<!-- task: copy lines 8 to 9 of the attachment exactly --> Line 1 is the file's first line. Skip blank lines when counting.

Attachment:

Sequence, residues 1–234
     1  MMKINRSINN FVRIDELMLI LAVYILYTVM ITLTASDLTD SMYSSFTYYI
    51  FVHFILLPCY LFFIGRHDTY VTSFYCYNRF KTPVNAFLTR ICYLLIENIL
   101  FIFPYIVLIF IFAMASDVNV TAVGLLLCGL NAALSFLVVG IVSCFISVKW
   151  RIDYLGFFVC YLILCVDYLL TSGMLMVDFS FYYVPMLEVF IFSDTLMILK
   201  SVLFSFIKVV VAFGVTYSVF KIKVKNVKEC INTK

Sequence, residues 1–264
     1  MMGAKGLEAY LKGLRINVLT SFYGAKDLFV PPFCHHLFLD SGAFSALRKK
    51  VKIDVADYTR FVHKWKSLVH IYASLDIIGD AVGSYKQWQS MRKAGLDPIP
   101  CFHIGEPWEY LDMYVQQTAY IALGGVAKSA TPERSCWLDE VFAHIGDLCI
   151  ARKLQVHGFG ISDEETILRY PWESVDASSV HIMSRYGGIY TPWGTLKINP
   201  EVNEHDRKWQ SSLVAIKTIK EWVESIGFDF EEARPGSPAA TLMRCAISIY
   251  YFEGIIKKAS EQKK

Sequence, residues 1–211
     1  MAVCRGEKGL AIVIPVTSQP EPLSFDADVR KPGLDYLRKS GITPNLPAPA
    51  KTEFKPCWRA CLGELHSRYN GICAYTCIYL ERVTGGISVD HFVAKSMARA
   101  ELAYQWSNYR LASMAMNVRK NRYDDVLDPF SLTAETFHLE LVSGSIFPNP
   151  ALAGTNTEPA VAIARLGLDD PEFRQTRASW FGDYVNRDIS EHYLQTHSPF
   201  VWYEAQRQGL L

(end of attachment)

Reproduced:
     1  MMGAKGLEAY LKGLRINVLT SFYGAKDLFV PPFCHHLFLD SGAFSALRKK
    51  VKIDVADYTR FVHKWKSLVH IYASLDIIGD AVGSYKQWQS MRKAGLDPIP